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KF5JRV > TODAY    18.02.19 13:30l 41 Lines 2073 Bytes #6 (0) @ WW
BID : 31423_KF5JRV
Subj: Today in History - Feb 18
Sent: 190218/1221Z 31423@KF5JRV.#NWAR.AR.USA.NA BPQ6.0.18

On February 18, 1967, J. Robert Oppenheimer, the “father of the atomic
bomb,ö dies in Princeton, New Jersey, at the age of 62.

An expert in quantum theory and nuclear physics, he was enlisted into
the fledgling U.S. atomic weapons program in 1941. In 1942, the
“Manhattan Project,ö as the program became known, was greatly expanded,
and Oppenheimer was asked to establish and direct a secret laboratory to
carry out the assignment. He chose Los Alamos, a site in the New Mexico
desert that he had visited earlier in life, and together with some of
the world’s top physicists began work on the bomb. On July 16, 1945, the
world’s first atomic bomb was exploded at the “Trinityö test site in
Alamogordo, New Mexico, and only three weeks later the United States
dropped the first of two bombs on Japan. Over 200,000 Japanese
eventually perished as a result of the atomic attacks on Hiroshima and

Oppenheimer regretted the use of the terrible weapon he had helped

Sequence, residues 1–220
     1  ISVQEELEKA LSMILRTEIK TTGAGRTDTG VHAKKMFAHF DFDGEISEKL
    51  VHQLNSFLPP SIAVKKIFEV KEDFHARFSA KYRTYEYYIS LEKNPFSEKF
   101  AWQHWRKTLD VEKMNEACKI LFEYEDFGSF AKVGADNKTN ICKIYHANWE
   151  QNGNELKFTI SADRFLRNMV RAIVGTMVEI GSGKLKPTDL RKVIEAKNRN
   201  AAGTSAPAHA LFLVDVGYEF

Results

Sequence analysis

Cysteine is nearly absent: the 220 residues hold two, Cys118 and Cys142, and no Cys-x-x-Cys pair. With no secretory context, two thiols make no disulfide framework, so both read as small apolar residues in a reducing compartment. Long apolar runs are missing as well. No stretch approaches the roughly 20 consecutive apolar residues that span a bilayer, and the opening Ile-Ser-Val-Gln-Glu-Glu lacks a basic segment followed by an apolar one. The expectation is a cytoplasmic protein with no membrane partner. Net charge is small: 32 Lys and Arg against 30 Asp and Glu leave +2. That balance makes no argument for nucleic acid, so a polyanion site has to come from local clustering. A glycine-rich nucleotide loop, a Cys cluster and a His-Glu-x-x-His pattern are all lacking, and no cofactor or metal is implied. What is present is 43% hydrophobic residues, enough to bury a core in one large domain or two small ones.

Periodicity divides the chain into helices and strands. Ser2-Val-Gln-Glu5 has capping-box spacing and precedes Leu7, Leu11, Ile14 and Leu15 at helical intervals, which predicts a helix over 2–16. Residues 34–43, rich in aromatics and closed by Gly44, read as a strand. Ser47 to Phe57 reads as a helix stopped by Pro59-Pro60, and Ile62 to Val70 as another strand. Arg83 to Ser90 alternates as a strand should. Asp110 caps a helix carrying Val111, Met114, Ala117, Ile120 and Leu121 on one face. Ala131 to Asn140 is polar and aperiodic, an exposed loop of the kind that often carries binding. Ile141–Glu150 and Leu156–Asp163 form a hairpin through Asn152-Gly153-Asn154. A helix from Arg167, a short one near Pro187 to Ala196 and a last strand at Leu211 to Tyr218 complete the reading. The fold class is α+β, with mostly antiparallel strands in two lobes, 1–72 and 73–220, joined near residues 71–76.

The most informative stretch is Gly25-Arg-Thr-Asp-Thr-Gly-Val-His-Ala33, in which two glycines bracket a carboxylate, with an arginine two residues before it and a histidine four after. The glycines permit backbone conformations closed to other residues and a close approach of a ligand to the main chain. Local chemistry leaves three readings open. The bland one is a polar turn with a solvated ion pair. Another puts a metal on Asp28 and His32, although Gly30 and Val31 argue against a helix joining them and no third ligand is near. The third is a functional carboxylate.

build, and he worked with the U.S. Atomic Energy Commission (AEC) to win
approval for international control of atomic energy. The USSR refused to
support the U.S. plan, and in 1949 the Soviets successfully detonated
their first atomic weapon. The loss of U.S. atomic supremacy, coupled
with revelations that Los Alamos scientist Klaus Fuchs had given nuclear
secrets to the Soviets, led President Harry S. Truman to approve
development of the hydrogen bomb. Oppenheimer strongly opposed
development of the H-bomb, which was theorized to be hundreds of times
more powerful than the bombs dropped on Japan. On November 1, 1952, the
first “superbombö was successfully detonated in the Pacific.

In 1953, because of both his opposition to the hydrogen bomb and his
admitted leftist leanings in the 1930s, Oppenheimer lost his security
clearance and was ousted from the AEC. The case stirred wide
controversy, and many people came to his defense. After leaving the
government, he returned to teaching. He died in 1967.

73 de Scott KF5JRV


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